Ulti:
Ulti is another Japanese brand that offers an array of compounds. They have their own way of rating tires, and are difficult to equate to other brands. They have 4 different varieties, each in varying degrees of hardness.

J: High rubber content tire, similar to Pink/ Magenta. Soft would be close to a pink. These offer the most bite and are great for asphalt/carpet front tire. (J hard being very popular)
X: "Balanced" blend, similar to JFT Blue/ Green. Soft is equivalent to Green, medium to Blue in hardness. Great for carpet!
Y: High synthetic blend with lower grip, and is not a very popular variety.
Z: A very expensive "special" foam that is supposed to be magic on asphalt. Only make it in soft shore.
European tires:
There are many great European foam tire brands that use their own types of foam, as well as traditional foams. SOmeone with more knowledge about them will need to fill this in!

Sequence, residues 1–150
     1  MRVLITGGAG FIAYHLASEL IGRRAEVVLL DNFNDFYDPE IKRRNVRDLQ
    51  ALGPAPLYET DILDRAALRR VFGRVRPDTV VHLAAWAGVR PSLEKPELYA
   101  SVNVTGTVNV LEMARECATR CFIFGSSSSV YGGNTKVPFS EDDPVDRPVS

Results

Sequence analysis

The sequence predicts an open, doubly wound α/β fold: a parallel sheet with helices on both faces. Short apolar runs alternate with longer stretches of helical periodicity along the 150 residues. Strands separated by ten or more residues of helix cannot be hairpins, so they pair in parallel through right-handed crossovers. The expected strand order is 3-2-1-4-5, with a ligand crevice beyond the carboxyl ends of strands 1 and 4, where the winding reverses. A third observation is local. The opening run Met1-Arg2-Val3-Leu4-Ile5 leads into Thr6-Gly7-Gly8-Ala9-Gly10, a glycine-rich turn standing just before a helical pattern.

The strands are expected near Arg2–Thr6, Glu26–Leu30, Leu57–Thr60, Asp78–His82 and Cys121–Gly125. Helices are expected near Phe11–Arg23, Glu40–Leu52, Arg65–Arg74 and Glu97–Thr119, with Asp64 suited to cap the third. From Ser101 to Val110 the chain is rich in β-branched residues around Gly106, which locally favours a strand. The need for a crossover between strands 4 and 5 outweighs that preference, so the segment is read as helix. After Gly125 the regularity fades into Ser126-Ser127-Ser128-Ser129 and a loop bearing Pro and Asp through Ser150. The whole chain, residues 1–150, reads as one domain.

Tire Diameter:
If you are racing on carpet, you have to evaluate how much grip your track has. If your track is low to medium grip, you can run bigger tires. If you are on higher bite you have to cut them smaller, there is simply no way around it. Bigger tires are needed for asphalt, especially in the rear. The larger tires provide much needed lateral bite.

Carpet (mm):
Low - Medium Bite
Front: 42.0 - 42.5
Rear: 42.5 - 43.00
Medium - High Bite
Front: 40.5 - 41.0
Rear: 41.5 - 42.0
Big Race
Front: 39.5 - 40.0
Rear: 40.5 - 41.0
Asphalt (mm):
Parking Lot
Front: 43.0 - 44.0
Rear: 44.0 - 45.0
Prepped High Bite
Front: 42.0 - 43.0
Rear: 43.0 - 44.0

Tire Saucing: